EXPOSURE TO AN ENVIRONMENTALLY RELEVANT MIXTURE OF PHARMACEUTICALS ALTERS ACTIVITY AND COMPOSITION OF STREAM BIOFILM COMMUNITIES
Pharmaceuticals and personal care products (PPCPs) are biologically active compounds that are pervasive in aquatic ecosystems globally. Multiple studies have demonstrated that PPCPs can affect benthic microbial communities, which are key components of stream ecosystems. Most prior studies have analyzed effects of single compounds, but in nature PPCPs are generally present in low concentrations and complex mixtures, creating the possibility for synergistic effects. To assess potential effects of PPCP mixtures, we added a cocktail of eight pharmaceuticals to laboratory-scale stream mesocosms at a concentration observed in an urban field site. After 21 days, biofilms from pre-colonized rocks in streams that received the pharmaceutical cocktail showed no difference in total biomass, but a decrease in community respiration compared to control streams. Furthermore, bacterial communities within biofilms in streams that received the pharmaceuticals were significantly different in taxonomic composition and had significantly higher taxonomic diversity relative to control streams, as indicated by high-throughput sequence analysis of 16S rRNA genes. Taken together, these data indicate that an environmentally relevant concentration of a mixture of pharmaceuticals can have significant effects on benthic microbial communities, which could have broader implications for stream ecosystem function.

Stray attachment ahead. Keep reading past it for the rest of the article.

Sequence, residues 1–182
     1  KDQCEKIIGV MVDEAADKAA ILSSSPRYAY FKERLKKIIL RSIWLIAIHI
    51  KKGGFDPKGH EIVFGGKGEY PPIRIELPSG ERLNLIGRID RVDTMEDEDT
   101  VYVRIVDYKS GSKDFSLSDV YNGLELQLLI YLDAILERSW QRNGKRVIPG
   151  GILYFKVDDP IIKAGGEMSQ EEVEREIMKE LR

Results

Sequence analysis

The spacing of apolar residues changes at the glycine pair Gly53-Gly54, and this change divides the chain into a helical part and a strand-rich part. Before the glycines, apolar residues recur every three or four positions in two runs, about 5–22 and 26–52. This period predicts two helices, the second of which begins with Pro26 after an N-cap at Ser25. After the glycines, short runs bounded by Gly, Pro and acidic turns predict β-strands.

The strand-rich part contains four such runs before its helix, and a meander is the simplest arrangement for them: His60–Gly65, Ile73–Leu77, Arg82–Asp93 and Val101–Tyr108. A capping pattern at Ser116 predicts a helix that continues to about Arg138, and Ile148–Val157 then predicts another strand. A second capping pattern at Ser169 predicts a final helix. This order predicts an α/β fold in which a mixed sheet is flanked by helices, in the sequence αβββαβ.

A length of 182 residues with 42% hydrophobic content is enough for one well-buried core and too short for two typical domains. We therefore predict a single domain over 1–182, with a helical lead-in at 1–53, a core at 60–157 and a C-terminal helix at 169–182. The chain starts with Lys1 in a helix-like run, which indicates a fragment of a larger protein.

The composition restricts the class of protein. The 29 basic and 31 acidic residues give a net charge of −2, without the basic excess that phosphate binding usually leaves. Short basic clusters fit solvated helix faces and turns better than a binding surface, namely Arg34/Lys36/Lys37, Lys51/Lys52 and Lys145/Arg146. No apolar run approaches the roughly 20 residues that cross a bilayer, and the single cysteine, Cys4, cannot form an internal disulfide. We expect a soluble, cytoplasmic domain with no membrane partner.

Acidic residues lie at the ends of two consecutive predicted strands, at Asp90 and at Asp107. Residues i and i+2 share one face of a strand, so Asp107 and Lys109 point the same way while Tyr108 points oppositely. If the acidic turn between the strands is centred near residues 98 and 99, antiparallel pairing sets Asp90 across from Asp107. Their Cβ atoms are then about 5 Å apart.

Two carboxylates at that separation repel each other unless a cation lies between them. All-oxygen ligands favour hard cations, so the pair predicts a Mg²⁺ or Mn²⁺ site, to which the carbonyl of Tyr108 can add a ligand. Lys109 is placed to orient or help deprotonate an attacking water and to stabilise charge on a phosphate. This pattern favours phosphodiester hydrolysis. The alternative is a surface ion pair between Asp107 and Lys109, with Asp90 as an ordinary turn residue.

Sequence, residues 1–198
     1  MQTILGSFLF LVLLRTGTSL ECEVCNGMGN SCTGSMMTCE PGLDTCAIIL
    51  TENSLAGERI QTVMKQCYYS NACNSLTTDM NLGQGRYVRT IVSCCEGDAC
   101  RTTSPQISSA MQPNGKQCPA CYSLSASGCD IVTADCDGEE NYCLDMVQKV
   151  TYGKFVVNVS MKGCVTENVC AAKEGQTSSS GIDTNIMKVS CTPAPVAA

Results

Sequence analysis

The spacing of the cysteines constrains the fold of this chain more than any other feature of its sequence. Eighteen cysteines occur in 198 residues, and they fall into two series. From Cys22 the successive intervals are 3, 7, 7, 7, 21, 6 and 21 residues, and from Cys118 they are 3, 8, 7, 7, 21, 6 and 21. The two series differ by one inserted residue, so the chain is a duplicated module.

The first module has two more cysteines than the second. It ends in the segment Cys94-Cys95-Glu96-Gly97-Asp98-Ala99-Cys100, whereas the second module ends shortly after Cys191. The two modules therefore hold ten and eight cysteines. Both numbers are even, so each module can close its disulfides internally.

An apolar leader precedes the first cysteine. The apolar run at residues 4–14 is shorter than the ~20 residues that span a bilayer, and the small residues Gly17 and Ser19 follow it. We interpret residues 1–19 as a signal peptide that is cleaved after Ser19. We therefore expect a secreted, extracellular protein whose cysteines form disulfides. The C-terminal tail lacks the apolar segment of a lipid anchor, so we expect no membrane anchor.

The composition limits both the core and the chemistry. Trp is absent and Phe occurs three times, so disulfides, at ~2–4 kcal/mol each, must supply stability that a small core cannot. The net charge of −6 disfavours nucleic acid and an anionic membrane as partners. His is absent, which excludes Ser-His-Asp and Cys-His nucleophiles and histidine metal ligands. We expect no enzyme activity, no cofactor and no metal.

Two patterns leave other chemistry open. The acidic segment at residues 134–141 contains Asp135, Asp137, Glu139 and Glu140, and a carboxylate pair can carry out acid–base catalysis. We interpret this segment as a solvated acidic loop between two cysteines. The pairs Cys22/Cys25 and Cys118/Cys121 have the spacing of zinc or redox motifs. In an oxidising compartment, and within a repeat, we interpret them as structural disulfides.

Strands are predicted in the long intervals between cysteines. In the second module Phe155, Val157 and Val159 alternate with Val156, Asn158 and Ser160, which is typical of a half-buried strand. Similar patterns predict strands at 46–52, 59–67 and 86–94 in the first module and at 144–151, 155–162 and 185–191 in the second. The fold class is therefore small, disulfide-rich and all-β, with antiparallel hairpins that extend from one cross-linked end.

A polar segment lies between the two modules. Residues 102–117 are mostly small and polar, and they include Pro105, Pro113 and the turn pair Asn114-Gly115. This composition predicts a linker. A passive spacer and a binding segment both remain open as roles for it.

Brianne Coffey (Primary Presenter/Author,Co-Presenter/Co-Author), Loyola University Chicago, firstname.lastname@example.org;
Stephanie Robson (Co-Presenter/Co-Author), Monash University, email@example.com;
John Kelly (Co-Presenter/Co-Author), Loyola University Chicago, Jkelly7@luc.edu;
Michael Grace (Co-Presenter/Co-Author), Monash University , firstname.lastname@example.org;
Emma Rosi (Co-Presenter/Co-Author), Cary Institute of Ecosystem Studies, email@example.com;